Hang the cost – it's the benefits that really matter
When you're at that stage of deciding whether to give a project the green light – or you are assessing a project's progress to decide whether to continue with it – then it's easy to become totally focused on how much the whole thing is costing to the exclusion of other factors. When we look in the media at high profile projects (especially those that are having problems) the emphasis is always on what the project is costing and particularly how much it is over budget. That always makes good media headlines.
So organisations, stakeholders and sponsors naturally fret about how much money is being spent on their project. And there are plenty of worrying statistics from past projects out there to contribute to our budget concerns on major projects. Some infrastructure, architecture, and government projects have had eye-watering budget overruns. And if we look, for instance, at any Olympic Games since 1960 not a single one has come in under budget (according to the World Economic Forum). Although technically London 2012 did come in under budget but only because the budget was quadrupled from the original estimate due to various costs being initially overlooked.
Are cost over-runs ever justifiable?
Well, the value of a project lies in the benefits it provides and if we worry too much about budgets we may never achieve benefits that far outweigh the costs. Maybe organisations, therefore, should take a more entrepreneurial approach to projects and consider whether without investment and risk nothing of true worth can ever be gained. Of course, that's not to say there shouldn't be budget management and controls in place but costs alone are not the only factor in determining project success or failure – rather it is whether benefits outweigh the costs.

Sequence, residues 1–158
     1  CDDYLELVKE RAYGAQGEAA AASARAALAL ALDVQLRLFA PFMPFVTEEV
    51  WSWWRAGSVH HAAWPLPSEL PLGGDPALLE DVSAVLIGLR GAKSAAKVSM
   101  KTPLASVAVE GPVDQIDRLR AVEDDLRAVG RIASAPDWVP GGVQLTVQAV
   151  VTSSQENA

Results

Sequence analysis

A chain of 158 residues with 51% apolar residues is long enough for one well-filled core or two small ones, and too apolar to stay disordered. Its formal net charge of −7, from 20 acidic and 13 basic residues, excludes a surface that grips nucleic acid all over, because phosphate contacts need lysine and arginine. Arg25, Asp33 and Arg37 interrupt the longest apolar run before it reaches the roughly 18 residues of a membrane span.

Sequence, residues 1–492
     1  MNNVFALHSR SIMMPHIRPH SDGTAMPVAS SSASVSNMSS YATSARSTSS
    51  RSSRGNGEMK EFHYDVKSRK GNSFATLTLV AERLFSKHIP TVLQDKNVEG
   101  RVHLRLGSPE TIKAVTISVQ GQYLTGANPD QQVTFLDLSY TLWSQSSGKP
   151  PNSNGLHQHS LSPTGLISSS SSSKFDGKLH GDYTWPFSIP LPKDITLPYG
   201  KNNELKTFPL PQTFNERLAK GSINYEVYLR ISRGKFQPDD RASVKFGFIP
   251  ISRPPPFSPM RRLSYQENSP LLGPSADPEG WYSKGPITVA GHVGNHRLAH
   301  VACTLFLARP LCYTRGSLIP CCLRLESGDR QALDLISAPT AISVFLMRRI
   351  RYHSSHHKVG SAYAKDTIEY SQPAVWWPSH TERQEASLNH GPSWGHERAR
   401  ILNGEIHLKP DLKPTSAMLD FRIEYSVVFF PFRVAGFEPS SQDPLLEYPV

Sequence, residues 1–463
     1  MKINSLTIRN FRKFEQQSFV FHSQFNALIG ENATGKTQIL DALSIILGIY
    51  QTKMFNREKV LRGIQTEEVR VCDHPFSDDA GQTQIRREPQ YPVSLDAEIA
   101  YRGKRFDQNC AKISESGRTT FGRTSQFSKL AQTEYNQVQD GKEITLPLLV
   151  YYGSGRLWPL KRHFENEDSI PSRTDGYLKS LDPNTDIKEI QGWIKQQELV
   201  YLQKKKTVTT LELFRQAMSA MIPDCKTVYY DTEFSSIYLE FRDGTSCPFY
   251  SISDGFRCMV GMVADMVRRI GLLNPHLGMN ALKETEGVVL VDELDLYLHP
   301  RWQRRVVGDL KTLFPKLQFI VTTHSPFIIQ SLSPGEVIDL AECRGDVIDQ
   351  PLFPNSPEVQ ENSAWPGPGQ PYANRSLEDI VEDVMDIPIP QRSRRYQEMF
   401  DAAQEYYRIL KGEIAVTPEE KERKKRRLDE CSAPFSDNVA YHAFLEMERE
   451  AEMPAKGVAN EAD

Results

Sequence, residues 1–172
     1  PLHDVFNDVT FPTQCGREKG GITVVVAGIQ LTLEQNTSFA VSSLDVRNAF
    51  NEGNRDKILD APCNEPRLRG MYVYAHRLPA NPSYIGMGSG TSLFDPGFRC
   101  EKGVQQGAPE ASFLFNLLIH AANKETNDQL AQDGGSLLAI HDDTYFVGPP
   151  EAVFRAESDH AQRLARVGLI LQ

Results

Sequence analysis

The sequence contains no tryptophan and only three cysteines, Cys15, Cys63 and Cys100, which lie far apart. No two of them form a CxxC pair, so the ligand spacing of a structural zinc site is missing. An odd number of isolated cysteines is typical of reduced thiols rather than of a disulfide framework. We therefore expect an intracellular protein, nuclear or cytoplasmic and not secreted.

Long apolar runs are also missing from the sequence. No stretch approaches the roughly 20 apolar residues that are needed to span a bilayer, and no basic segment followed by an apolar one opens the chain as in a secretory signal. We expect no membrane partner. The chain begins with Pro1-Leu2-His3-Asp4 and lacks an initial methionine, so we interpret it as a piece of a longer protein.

Another reason to focus on benefits is that there can be situations where the benefits of a project look set to exceed the actual costs to date. In that case it may be possible to increase the project budget and achieve even greater benefits than originally expected.
Accurately assessing benefits
But how can we accurately assess whether benefits are indeed exceeding (or will exceed) the costs? How can we have faith in predicted outcomes and estimated costs?
A detailed review of the project will, of course, give us some confidence that our costs and benefits are accurate but there is still, in all projects, that element of uncertainty about what might happen tomorrow, next week or next month to throw the project off course.
Ironically it is possible to have a project that comes in on budget and on schedule but fails to deliver true benefits and equally possible to come on over budget and/or over schedule but deliver benefits. Some benefits are measurable quantitatively (an increase in revenue, for example) but others are subjective (a more user-friendly website, for example). Measuring or assessing the true situation to determine project success or not is clearly, then, not always straightforward.
Nevertheless, by following a benefits management process we can verify whether benefits have indeed surpassed the costs of the project. The right data will contribute to a better understanding of how to measure project success and, therefore, improve decision-making on future projects. But just what are the basic steps in a benefits management process?
Here are some essential pieces of data you can use to ensure an accurate assessment of benefits vs costs:
- Describe the expected benefit(s) – if we don't know what the benefits are how can we measure whether they have been achieved?
- Document and agree who is responsible for ensuring benefits are achieved – who will be the driver on the project to push for benefits realisation.
- Describe when the benefit will be realised – this can be done using financial analysis such as IRR (Internal Rate of Return) and NPV (Net Present Value).
- Assess the risks that might prevent the benefit(s) from being realised
- Carry out benefits realisation reviews after the project has been completed and delivered – some benefits may not be realised for some time.